Online, a mobilised community of American men — predominantly young (18-35) and white — talks of “swallowing the red pill”. Only they see the world clear-eyed: a ‘‘gynocentric’’ conspiracy in which the myth of white male privilege is being used by women and minority groups to oppress them. Only they understand the catastrophe of feminism: “Unless we take action soon to reconsider the freedoms that women now have, the very survival of Western civilisation is at stake.”
Red Pill forums operate in the dark heart of a Venn diagram that overlays vitriolic misogyny and homophobia, white nationalism, pick-up artist culture and the pugnacious conservatism of the alt-right. “Anyone today who does not intend to become a digital hermit is guaranteed to encounter these men online,” writes classics scholar Donna Zuckerberg, who has spent years fending-off a campaign of anti-Semitic slurs and death threats.
In Not All Dead White Men, Zuckerberg, the editor of award-winning digital journal Eidolon (and younger sister of Facebook founder Mark), exposes the pseudo-intellectual mechanics of the Red Pill worldview: how these men are weaponising the classics — Ovid, Marcus Aurelius, Seneca — to position themselves as the natural inheritors and heroic guardians of Western culture.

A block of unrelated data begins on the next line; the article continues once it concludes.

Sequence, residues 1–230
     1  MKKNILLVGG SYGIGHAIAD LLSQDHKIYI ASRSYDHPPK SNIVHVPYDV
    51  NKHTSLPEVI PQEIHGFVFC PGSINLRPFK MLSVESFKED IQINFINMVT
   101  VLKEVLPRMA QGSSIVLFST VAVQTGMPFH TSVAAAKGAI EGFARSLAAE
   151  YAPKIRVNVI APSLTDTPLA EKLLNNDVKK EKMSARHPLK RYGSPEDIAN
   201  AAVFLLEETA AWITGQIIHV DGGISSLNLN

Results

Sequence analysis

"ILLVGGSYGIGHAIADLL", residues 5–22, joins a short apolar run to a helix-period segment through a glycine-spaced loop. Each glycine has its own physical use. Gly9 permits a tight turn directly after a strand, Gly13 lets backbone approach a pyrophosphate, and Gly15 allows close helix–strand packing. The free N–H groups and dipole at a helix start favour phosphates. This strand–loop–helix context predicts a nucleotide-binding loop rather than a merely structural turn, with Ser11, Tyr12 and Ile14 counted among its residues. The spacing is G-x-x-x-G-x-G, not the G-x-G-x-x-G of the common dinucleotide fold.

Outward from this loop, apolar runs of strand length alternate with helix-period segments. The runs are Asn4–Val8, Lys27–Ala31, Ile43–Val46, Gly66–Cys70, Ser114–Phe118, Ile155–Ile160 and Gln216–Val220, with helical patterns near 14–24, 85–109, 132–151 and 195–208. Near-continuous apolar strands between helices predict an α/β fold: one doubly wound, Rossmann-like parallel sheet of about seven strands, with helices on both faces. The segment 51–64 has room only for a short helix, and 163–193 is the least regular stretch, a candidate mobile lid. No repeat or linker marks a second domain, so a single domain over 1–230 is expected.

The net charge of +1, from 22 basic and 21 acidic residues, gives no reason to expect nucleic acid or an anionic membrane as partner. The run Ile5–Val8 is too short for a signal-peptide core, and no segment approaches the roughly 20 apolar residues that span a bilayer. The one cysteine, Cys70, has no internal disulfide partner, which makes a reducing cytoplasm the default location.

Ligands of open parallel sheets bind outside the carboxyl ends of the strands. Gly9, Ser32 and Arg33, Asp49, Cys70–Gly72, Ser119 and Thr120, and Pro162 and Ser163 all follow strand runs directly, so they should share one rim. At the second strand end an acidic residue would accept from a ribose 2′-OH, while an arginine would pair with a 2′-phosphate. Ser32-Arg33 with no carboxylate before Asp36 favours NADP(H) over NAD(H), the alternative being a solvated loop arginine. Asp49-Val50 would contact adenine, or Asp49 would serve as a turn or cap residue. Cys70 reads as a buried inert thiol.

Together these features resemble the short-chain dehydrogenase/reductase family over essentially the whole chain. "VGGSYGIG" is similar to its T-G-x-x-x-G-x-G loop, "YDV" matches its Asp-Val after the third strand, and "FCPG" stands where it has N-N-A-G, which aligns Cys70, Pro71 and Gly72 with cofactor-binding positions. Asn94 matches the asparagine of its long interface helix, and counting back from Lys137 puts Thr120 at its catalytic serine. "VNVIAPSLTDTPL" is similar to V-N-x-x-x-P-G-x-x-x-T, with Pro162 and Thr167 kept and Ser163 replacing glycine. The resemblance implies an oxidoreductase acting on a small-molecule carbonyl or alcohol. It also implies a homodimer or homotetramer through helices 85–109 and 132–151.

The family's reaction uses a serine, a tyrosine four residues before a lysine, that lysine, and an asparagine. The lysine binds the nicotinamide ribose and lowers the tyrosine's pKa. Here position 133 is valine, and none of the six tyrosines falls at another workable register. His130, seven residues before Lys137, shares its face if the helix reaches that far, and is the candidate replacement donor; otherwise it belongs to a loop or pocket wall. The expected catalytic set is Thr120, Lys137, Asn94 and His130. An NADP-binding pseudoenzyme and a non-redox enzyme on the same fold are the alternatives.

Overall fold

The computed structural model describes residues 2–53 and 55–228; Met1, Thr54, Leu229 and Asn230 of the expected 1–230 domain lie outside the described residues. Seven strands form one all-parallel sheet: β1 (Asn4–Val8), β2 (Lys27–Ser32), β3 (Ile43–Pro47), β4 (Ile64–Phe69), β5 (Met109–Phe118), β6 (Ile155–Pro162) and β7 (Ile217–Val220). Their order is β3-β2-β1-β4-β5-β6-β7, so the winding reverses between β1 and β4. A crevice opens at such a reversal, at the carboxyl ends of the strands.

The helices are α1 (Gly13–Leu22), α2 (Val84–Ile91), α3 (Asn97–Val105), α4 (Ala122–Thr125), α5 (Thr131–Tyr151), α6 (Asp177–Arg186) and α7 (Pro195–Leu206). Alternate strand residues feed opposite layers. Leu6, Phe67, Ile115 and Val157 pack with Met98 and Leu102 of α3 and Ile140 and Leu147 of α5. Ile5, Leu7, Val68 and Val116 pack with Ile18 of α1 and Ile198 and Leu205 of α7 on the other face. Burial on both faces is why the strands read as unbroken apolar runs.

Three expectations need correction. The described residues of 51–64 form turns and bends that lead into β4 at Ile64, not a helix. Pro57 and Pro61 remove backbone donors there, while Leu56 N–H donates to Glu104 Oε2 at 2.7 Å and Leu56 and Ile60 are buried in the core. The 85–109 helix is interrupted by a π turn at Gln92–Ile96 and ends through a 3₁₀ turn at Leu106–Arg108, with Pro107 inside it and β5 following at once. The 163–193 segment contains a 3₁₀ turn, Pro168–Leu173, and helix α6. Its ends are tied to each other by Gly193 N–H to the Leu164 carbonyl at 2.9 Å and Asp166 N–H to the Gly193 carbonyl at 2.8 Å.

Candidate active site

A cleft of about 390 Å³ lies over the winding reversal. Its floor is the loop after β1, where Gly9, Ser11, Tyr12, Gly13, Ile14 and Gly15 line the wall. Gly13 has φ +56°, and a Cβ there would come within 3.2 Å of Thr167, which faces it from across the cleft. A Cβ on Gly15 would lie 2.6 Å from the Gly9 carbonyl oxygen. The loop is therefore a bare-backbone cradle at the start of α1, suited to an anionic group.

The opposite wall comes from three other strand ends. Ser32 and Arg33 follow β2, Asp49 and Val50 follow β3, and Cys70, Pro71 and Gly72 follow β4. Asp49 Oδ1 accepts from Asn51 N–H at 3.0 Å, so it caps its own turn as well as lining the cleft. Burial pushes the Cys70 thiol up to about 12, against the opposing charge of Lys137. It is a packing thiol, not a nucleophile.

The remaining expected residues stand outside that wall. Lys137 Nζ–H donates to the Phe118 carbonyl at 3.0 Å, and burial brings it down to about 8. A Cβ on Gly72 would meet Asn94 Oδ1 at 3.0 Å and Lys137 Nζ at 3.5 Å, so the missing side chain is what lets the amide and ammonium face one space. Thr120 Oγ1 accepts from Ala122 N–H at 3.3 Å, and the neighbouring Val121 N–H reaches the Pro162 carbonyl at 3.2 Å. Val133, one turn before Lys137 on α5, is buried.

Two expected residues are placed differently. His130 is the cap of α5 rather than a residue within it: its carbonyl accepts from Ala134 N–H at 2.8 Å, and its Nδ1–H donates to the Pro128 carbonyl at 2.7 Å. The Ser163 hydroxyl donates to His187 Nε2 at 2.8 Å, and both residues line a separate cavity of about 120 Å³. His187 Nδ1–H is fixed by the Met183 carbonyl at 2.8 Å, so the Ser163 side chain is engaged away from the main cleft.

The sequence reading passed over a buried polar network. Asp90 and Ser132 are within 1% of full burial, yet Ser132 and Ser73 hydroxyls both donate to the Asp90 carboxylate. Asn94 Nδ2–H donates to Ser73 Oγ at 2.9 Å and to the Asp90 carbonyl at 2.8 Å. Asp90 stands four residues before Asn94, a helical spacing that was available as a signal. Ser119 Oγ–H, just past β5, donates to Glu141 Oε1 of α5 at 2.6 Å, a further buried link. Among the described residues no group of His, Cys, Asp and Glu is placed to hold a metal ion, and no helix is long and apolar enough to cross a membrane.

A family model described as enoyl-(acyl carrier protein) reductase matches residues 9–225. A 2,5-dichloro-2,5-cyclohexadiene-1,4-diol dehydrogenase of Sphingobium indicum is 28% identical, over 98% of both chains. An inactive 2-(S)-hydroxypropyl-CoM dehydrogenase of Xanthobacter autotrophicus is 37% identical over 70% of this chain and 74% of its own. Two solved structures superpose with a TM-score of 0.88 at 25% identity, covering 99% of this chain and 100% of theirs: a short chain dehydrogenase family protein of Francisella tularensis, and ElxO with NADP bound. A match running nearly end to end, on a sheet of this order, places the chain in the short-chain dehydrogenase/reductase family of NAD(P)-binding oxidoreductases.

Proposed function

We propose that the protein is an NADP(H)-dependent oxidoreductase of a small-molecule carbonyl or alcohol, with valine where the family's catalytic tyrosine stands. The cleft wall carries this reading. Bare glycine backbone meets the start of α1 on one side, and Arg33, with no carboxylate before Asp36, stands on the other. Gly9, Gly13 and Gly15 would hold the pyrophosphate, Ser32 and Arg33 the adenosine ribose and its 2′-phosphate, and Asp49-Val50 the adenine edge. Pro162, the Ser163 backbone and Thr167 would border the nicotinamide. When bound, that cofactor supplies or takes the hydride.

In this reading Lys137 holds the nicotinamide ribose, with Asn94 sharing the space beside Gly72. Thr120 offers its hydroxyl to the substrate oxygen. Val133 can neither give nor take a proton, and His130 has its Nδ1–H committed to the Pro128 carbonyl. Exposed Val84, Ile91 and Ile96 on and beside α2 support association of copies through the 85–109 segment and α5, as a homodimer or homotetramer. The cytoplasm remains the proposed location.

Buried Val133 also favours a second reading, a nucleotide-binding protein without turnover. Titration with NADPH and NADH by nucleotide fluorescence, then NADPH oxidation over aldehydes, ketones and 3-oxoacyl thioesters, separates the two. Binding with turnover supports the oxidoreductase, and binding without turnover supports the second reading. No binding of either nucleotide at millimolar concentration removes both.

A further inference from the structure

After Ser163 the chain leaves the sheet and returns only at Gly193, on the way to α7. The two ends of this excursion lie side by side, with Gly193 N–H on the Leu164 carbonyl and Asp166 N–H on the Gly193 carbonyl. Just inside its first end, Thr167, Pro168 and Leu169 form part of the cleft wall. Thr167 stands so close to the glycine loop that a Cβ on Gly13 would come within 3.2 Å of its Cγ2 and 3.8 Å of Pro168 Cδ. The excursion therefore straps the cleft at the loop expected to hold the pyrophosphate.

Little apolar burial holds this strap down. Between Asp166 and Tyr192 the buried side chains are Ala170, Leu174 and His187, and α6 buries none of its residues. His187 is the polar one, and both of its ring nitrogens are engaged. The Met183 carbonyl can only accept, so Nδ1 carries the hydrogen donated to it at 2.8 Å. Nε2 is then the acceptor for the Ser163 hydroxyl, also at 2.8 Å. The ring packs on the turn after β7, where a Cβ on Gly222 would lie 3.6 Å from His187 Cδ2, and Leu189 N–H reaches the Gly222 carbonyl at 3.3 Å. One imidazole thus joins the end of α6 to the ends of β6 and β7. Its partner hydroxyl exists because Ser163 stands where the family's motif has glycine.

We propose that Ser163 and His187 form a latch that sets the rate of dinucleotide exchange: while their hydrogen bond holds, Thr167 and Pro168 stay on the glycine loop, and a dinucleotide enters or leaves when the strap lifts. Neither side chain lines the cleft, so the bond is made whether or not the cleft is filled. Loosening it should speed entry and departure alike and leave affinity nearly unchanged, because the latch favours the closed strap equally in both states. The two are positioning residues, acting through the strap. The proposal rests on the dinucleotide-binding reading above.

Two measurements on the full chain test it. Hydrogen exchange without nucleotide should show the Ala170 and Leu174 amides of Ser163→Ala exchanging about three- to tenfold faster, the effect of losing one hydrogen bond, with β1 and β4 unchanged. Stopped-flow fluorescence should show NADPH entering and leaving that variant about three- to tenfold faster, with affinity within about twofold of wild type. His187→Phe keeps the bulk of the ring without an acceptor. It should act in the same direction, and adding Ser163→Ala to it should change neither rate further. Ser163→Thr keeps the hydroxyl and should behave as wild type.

For millennia, reactionary political groups have laid claim to ancient Greece and Rome to imbue their agenda with the heft of antiquity. But when we look to history for validation, we find mirrors. Whether it’s The Federalist Papers, 1930s Germany or the Ramsay Centre, how (and why) classical voices are marshalled (or mangled) is profoundly revealing.
The men of Red Pill forums are adding ancient ballast to a biologically essentialist vision of hyper-masculinity, and validating “one of their most cherished, deeply held beliefs: that all women throughout history share distinct, immutable qualities that make them promiscuous, deceitful, and manipulative”. certing poem Ars Amatoria is read as a protoseduction manual, filled with ‘‘tips’’ on how to manipulate and abuse women, including how to circumvent consent.
“No scholar argues that the overall state of women’s rights in the ancient world was worthy of emulation or that our society would benefit from similar laws and customs,” Zuckerberg writes. It seems an absurd point to need to make, yet it is the refrain of her book. Red Pill forums are looking backwards to look forwards. Their interpretations of the ancient world are “aspirational representations of the world they wish we inhabited”.
In that world, women would — for their own happiness — be deprived of all decision-making, including suffrage. “She must seek approval by a guardian for decisions concerning diet, education, boyfriends, travel, friends, entertainment, exercise regime, marriage, and appearance, including choice of clothing,” explains one high-profile proponent. Others write of forced teen marriage and disciplinary rape.
These are the views of the Taliban: the views of the men who put a bullet in Malala Yousafzai’s skull. And now, of a growing group of men